Wo­man told to pay £24k in park­ing charges is de­clared bank­rupt

The Courier & Advertiser (Perth and Perthshire Edition) - - NEWS -

A Tay­side wo­man who was or­dered to pay £24,000 in a land­mark park­ing charge court rul­ing has been de­clared bank­rupt.

Carly Mackie, 28, then of Fin­try in Dundee, parked out­side her par­ents’ City Quay home and ig­nored the al­most-daily park­ing tick­ets left on her wind­screen.

She wrongly be­lieved she was en­ti­tled to park her Mini in front of her fam­ily’s garage near their West Vic­to­ria Dock Road home and that the tick­ets were un­en­force­able.

How­ever, pri­vate firm Ve­hi­cle Con­trol Ser­vices took her to court last year when she racked up an £18,500 bill for ig­nor­ing more than 200 penal­ties.

Now, it has emerged Ms Mackie has been de­clared bank­rupt with debts to­talling £37,546.84.

Doc­u­ments lodged with the Ac­coun­tant in Bankruptcy (AIB) show that she has now left Dundee and moved to Pais­ley. She works for air­line Thomas Cook.

Sher­iff Ge­orge Way or­dered Ms Mackie to pay the sum say­ing she had “en­tirely mis­di­rected her­self on both the law and the con­trac­tual chain in this case”.

He said the pur­suers be­lieved she had been en­gaged in a “per­sonal cru­sade” to prove the charges were un­en­force­able.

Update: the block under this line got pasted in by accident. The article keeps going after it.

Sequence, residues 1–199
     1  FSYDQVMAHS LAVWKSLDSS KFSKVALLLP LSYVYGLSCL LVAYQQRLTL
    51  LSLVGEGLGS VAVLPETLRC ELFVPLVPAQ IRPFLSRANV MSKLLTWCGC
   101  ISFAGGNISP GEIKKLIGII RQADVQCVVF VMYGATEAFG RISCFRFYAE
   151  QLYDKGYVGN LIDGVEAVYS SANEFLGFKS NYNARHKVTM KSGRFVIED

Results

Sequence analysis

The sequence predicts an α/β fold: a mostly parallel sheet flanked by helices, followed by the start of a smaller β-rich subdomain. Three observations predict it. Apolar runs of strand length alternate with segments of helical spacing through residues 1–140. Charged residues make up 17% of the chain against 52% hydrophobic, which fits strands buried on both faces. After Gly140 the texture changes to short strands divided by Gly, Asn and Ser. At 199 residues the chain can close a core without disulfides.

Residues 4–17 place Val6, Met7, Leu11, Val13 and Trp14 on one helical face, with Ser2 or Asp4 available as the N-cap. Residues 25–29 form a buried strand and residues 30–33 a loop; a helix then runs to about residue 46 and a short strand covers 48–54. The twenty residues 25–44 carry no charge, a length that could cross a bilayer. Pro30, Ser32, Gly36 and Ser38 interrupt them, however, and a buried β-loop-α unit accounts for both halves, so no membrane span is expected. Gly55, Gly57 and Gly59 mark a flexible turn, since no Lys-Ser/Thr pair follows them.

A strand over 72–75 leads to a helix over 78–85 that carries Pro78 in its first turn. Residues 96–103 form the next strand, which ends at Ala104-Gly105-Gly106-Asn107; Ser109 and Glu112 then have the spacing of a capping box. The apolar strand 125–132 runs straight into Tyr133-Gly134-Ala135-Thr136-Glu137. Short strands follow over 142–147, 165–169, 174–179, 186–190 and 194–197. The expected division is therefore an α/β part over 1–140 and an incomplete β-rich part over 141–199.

The sher­iff said in his judg­ment: “She knew per­fectly well what the signs dis­played and that she was park­ing in breach of the con­di­tions.

“She stated (ef­fec­tively a protest po­si­tion) that park­ing charges were il­le­gal and un­en­force­able in Scot­land and that she could park where she liked as her fa­ther’s guest.

“The de­fender is not the ten­ant. The de­fender’s car was an ad­di­tional bur­den on the park­ing fa­cil­i­ties and she was the same as any other in­ter­loper.

“She was of­fered a per­mit by the fac­tors (at a rea­son­able charge I think) but she re­fused on prin­ci­ple.”

Sher­iff Way added: “Park­ing is not only an amenity but a valu­able com­mod­ity in mod­ern life.”

Ms Mackie could not be con­tacted for com­ment.

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